Untreated, a diseased aorta can burst or tear (dissection), an often fatal outcome. Recent data from the National Center for Health Statistics reports 15,000 people die annually from an aortic aneurysm or dissection. The optimal treatment plan for aortic disease calls for skilled monitoring and appropriate surgical management of the condition.
The heart sack (pericardium) by itself and has no branching arteries. There is little support from surrounding tissue and must therefore handle the entire cardiac output volume (minus the coronary arteries). The ascending segment is the most vulnerable part of the aorta.
Aortic diseases include:
An abnormal bulge in the wall of the aorta, typically to twice its normal size or larger. Because the bulge is a weakness the aorta may rupture, causing life-threatening internal bleeding. The major causes of aortic aneurysm are smoking, hypertension and family history.
A longitudinal tear of the inner layer of the aortic wall, allowing blood to leak into the wall itself and cause separation of the inner and outer layers. It is usually associated with severe chest pain radiating to the back. Unlike aneurysms that develop over time, a dissection happens spontaneously. The major causes are Marfan's Disease, bicuspid aortic valve, and hypertension.
Type A Dissection
These begin in the ascending aorta, typically just above the coronary arteries, and are life threatening. At this point the aorta is the largest and thinnest. It lacks support from surrounding structures and experiences the greatest amount of wall tension. They are always treated as a surgical emergency.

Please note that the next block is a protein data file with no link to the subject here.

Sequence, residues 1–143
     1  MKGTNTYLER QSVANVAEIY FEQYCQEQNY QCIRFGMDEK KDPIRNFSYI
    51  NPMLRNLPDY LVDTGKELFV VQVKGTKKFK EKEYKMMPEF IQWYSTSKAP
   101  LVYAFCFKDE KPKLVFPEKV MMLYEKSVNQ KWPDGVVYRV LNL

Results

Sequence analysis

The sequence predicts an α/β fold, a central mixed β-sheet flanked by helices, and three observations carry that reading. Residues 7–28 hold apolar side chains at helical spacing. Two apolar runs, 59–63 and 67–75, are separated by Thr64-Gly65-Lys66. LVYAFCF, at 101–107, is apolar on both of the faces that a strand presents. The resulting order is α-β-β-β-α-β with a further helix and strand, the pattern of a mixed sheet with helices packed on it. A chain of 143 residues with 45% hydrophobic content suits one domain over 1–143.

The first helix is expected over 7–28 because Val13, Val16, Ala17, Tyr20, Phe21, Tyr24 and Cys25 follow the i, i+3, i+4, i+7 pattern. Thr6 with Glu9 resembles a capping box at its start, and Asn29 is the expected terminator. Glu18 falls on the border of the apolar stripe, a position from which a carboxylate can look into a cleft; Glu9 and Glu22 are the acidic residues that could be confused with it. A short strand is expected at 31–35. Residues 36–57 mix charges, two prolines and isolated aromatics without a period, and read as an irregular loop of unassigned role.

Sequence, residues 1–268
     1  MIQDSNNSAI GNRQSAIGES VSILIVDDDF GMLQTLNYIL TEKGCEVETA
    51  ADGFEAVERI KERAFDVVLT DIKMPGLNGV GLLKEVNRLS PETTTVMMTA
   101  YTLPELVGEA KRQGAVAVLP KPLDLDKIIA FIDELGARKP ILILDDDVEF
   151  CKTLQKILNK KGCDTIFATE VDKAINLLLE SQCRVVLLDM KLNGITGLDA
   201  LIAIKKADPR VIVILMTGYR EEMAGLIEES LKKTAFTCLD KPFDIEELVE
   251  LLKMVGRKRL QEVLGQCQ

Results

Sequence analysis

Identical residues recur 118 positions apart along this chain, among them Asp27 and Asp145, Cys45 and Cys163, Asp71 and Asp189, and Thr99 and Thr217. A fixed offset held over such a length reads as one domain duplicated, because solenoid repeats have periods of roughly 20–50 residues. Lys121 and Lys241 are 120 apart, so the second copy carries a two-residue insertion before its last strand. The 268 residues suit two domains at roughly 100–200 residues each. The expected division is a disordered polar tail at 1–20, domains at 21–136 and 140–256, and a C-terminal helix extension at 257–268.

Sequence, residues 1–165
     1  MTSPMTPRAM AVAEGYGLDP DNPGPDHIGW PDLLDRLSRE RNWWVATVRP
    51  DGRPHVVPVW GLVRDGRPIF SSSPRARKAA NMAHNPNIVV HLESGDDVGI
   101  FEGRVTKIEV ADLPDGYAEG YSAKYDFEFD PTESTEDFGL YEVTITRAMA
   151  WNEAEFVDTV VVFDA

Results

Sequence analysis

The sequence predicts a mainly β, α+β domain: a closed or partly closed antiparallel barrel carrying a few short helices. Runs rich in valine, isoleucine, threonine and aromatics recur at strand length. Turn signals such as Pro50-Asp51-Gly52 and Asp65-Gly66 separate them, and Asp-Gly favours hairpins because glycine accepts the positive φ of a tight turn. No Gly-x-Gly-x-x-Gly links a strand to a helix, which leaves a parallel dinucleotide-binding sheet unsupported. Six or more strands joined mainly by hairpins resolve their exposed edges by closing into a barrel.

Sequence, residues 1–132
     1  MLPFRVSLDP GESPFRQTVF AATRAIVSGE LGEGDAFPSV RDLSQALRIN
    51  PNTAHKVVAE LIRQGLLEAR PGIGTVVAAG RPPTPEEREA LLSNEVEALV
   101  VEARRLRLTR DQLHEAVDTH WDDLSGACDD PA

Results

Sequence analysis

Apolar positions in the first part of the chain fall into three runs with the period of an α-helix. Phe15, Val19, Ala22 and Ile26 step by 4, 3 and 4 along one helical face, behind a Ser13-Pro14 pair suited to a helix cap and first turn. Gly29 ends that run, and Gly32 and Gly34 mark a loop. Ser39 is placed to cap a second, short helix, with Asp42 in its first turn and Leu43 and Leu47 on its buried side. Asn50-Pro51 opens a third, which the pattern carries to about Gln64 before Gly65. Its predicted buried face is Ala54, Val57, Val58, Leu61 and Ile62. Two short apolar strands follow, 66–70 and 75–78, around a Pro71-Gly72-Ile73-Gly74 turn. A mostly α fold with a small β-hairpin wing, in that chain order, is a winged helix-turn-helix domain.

Type B Dissection
Involves the descending aorta and is typically stabilized medically to start. However, if complications with blood flow to the lower body arise, the patient will require an interventional procedure.
Known commonly as "hardening of the arteries," atherosclerosis is caused by high blood pressure and a buildup of cholesterol and fat within the artery. The condition can damage the aortic wall and reduce the vessel's flexibility.
Inflammatory diseases may block the flow of blood through the aorta and weaken the aortic wall.
Connective Tissue Disorders
Patients with Marfan Syndrome, Ehler-Danlos syndrome, and other genetic connective tissue disorders have weak aortic walls that can rupture or tear. Early detection, monitoring and treatment of aortic disease including appropriately timed elective surgery, are key. Conditions affecting the aorta are serious, but through expert diagnosis and treatment, lifestyle modifications and ongoing medical supervision, patients under the care of aortic specialists are in the best position to continue to enjoy normal, productive lives.